Executing on race day can take years of experience, some good luck, and more
It’s pouring down rain and the asphalt surface is slick with the hours of precipitation that have already hit the ground. They fall at an unprecedented pace, some bouncing off, others melding into the road surface, each pooling together and rolling away.
In their midst are the feet and fluorescent shoes of thousands of people, anxiously awaiting the moment of go time. Some feet, hardly staying on the ground, lightly bouncing up and down; others, standing their ground, firm and in a confident “you can’t break me,” stance.
It’s funny to think that on this day – a coveted date on the calendars of many, for several months - we’re all in this together. Those many mind-jolting early alarms, fatigue riddled legs, and weekend hours spent slogging out miles, coming to this riveting peak, where power hits pavement and minds become hyper-focused, relentless in the pursuit of greatness; relentless in the desire to master the reward that is promised from the persistence of continuing to show up. This day, this moment, this unwavering showing of grit, toughness and resilience however, isn’t just about this moment or a reward from this most recent twelve-week training block. In fact, it has been in the making for many training blocks.
This year’s female NYC Marathon winner, finishing in an impressive 2:22:48 is the 36 year old Mary Keitany. Second place spot was filled by a 35-year-old, and the infamous Shalane Flanagan, only a year off of winning the marathon, came third at age 37. Most of the time we don’t pay attention to age as one of the important numbers in running results, and instead focus on times, splits, and distances. But there is a common thread that is weaving its way through the elite female running community, and it’s not just that they are killing it in every way.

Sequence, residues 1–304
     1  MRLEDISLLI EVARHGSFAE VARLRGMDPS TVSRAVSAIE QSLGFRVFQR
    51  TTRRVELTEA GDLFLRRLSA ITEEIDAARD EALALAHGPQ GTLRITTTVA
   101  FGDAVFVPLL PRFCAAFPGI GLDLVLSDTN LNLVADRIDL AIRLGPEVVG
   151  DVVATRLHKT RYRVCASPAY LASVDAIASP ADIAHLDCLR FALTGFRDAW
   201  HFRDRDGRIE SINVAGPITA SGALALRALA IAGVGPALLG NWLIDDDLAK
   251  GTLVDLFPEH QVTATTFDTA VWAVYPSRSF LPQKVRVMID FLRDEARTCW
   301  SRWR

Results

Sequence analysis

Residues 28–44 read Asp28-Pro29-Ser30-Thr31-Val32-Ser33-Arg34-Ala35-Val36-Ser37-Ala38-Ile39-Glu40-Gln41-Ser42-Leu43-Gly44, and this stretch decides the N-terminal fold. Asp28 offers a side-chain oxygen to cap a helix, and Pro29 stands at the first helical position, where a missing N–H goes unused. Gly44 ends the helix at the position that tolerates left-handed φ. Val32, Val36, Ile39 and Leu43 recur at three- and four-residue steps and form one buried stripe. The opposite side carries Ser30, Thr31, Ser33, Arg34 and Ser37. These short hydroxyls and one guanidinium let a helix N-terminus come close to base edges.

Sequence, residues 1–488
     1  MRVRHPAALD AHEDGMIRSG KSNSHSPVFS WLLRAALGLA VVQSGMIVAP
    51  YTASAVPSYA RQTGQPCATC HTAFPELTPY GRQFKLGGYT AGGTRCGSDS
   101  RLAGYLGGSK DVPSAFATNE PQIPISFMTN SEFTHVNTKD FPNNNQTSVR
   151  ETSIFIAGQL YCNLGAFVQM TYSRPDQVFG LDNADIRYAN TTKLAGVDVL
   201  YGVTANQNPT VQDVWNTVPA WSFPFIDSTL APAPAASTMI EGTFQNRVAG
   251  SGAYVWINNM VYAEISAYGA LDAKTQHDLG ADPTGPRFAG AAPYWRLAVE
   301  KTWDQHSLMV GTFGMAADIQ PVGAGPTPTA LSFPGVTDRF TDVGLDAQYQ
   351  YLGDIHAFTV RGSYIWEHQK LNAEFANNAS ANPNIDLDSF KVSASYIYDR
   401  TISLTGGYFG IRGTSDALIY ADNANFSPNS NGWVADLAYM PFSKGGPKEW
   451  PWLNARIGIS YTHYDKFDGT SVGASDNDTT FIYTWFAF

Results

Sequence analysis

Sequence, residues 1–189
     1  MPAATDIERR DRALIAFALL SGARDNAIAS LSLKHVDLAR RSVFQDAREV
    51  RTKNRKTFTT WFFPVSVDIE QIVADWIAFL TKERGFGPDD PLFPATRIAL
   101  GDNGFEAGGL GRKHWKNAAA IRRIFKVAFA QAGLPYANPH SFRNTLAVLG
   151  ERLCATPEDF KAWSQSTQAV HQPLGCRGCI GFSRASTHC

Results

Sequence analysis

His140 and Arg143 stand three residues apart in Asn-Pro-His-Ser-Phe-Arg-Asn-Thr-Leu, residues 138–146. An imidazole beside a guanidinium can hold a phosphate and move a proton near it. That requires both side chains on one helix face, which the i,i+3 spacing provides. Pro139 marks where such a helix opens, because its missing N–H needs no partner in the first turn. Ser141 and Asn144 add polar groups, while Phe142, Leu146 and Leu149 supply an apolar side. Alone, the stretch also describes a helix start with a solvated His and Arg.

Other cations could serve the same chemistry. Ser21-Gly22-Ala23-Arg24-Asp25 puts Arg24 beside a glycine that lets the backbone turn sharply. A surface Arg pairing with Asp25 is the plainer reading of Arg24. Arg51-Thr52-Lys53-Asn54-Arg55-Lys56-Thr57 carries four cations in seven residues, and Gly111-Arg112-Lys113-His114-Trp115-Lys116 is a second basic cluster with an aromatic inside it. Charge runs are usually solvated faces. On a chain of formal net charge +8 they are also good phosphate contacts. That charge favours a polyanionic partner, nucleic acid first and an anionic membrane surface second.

It’s that an overwhelming number of the elite women who are stepping up to podium finishes, and slaying courses, are in their thirties. They have been running for years, and literally, have thousands and thousands of miles under their feet, stored in their legs, experienced by their bodies.
The marathon is one of the most unique and exclusive races. Exclusive not as in who can and can’t run it, but exclusive in the nuances surrounding the success of a race of this calibre. Any marathon runner will tell you, that the marathon is its own thing. It’s one single shot to put into play an accumulation of weeks of training and workouts, and victory on the day needs the perfect alignment of weather, training success, physical health and mental toughness that all line up in the perfect position. It’s not like a 5k race that you can try again the next weekend if things go poorly, or a track race that can be delayed or rescheduled due to rain. We only have to look to the 2018 Boston Marathon to know that rain stops very few on their quest for marathon completion. Ironically in fact, it’s days like Boston, that set down a foundation for a quest far deeper than one single rainy race.
Because that one single race day, is not the stage.
The winner of the Boston Marathon, Des Linden, perhaps says it best with a phrase she filed for trademark on after her Boston win: “Just keep showing up.”
After 13 years of knocking on the door of a marathon major win, Linden filled the running world with tears and heart-warmed smiles, as she fought to victory on that fateful Boston day. This may have been her shining moment, and to the outside what looked like a great day, but really, it was a piece of a far longer journey that spanned over years of experience, let-downs and “almost,” moments.
Paula Radcliffe, the woman’s marathon world record holder, analogizes it as a series of steps. Every race we complete, mile we run, or training block we persist through, has something to teach us, experience for us to gain and insight for us to learn. Each thing we do in our running career or on our running trajectory builds a layer on the steps. And each layer eventually leads to a new step where we take the leap and go up a level. But without the layers underneath – continuing to show up, getting back up after races gone awry, or regrouping after weather ravaged marathons – there are no layers to build to a new step.